No such thing as coincidence

I just had an interesting experience today, but I think to best explain I will need to follow the chain of events a little.

I’m a gamer and a storyteller. I always have been. I love the way video games have become a new storytelling medium. I love making things and seeing people enjoy my creations. Being creative was rarely encouraged by most people, though, when I was growing up, despite my mom doing her best to be encouraging of it. I could go on about that part of my life for pages, but I’ll do that another time. Short is that I learned to repress my creativity and that it was only acceptable in certain careers that I was too dumb or disabled to be allowed to do.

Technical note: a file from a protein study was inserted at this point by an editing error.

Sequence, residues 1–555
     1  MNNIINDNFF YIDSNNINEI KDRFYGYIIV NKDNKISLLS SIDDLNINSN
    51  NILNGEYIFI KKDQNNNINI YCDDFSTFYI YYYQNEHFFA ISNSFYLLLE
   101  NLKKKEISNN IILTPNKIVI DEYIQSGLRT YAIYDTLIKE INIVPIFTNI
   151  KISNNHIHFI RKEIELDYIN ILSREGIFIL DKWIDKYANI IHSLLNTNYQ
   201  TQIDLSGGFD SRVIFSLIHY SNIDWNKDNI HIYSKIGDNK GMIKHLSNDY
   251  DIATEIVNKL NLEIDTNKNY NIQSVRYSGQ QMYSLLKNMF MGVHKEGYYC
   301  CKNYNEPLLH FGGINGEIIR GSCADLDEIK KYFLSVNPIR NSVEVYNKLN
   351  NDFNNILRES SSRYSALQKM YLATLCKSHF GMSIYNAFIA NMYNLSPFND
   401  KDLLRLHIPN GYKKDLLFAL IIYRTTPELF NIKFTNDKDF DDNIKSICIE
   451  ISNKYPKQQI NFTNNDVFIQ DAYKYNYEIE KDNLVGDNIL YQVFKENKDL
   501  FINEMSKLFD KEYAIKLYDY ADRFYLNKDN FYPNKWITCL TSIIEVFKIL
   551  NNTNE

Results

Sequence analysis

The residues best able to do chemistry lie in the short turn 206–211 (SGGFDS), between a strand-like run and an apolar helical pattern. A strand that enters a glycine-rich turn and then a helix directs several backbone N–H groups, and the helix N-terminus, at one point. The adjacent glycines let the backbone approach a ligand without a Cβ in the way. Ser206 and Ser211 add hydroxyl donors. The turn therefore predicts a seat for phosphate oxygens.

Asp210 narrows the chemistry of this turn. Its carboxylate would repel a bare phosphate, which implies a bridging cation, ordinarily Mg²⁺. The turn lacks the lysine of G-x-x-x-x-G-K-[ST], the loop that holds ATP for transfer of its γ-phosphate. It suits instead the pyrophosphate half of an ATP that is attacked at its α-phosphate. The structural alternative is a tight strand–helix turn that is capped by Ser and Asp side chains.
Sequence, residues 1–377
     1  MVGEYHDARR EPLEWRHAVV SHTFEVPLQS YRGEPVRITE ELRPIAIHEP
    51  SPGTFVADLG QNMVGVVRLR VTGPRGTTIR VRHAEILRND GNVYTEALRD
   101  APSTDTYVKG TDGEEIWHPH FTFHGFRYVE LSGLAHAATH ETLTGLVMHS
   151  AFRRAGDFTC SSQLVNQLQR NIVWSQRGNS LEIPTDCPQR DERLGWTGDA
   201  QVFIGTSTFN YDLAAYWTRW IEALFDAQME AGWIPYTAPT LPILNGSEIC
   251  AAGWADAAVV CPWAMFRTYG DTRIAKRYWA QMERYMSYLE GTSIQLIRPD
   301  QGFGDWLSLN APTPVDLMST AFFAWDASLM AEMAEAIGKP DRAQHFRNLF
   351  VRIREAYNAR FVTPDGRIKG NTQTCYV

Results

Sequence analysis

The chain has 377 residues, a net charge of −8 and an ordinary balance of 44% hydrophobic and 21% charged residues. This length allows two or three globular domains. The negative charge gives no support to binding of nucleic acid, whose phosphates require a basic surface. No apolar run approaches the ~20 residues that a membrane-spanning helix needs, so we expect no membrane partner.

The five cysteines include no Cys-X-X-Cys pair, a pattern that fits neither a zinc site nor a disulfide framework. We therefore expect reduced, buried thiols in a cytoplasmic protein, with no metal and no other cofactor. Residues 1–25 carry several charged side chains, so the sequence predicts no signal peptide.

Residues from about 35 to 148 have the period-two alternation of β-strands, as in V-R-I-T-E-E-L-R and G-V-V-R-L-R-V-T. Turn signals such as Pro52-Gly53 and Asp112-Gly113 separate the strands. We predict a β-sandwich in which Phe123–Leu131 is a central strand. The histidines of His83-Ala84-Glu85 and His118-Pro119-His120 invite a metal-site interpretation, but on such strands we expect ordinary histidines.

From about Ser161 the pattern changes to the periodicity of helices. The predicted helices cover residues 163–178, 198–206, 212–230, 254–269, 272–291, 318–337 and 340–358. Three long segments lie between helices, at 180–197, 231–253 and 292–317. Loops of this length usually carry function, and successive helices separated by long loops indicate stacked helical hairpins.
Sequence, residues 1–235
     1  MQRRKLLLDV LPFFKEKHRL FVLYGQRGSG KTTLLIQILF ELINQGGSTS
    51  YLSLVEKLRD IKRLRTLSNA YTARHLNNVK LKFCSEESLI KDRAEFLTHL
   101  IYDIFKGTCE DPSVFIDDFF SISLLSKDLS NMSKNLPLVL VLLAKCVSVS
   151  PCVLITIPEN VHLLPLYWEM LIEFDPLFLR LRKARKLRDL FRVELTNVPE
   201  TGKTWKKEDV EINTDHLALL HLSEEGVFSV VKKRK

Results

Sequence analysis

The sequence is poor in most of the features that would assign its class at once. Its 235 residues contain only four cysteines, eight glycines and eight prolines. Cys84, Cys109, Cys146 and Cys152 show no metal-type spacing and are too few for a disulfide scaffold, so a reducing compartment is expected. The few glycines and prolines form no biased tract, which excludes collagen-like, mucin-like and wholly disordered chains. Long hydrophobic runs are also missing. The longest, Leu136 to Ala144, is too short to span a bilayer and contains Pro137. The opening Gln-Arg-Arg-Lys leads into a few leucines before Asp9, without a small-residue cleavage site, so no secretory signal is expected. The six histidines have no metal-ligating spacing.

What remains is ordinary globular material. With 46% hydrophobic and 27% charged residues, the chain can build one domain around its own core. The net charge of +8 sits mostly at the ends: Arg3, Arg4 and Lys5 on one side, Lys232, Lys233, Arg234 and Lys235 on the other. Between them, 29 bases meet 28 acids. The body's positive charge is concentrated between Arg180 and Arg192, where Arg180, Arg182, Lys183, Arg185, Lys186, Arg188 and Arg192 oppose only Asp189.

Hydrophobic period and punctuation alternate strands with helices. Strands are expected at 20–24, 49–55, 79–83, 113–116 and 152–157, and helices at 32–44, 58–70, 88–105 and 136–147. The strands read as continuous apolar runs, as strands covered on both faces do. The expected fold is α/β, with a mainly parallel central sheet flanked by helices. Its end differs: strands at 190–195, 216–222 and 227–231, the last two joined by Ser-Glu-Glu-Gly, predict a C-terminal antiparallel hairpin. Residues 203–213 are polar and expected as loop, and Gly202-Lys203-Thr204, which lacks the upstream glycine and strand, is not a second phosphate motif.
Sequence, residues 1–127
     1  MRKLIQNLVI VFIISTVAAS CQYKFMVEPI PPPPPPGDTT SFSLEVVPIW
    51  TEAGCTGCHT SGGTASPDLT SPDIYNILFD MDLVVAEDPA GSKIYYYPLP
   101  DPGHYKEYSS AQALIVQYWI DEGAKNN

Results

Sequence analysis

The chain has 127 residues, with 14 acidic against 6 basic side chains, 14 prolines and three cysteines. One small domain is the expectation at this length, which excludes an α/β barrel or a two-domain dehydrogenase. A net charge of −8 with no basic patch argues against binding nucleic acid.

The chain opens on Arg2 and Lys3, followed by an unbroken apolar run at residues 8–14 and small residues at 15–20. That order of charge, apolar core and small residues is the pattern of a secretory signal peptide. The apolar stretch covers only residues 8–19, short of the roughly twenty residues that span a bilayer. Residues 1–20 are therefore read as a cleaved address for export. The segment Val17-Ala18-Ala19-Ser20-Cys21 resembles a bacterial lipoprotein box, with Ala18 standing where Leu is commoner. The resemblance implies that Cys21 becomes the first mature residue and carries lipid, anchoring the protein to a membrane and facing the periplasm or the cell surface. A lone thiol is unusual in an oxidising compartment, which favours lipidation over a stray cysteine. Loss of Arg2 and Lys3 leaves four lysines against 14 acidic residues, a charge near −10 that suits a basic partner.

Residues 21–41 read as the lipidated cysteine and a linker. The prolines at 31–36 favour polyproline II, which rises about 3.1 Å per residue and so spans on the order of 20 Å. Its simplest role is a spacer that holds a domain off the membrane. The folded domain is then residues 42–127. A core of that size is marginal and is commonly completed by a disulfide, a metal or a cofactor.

I want to make the world a better place. I’ve struggles for years in how best to do that. After the messeI’ve had with girlfriends and other people labeled as disabled, once I finally stopped denying the fact that I am highly intelligent (I am not saying that arrogantly, and it’s more of a curse than a blessing), I had thought the best way to make a difference was by going after a Ph.D. in Counseling Psychology. I’d toyed with the ideas of Joinery/Construction, a BBA, and even computer programming; Joinery was discouraged because of how expensive materials are and people think I’m too clumsy. A BBA was fascinating, but the cutthroat nature of business people just feels wrong to me. Computer programming of any kind was discouraged because of lots of reasons – too much competitiom in the industry, not enough jobs, not enouh pay, it’s not a respectable career…. Etc. So I thought a Ph.D. in Psycholigy was good, and people seemed to find that idea something they could at least respect a little. Moving to Vancouver put that 10-year plan into a full stop, though.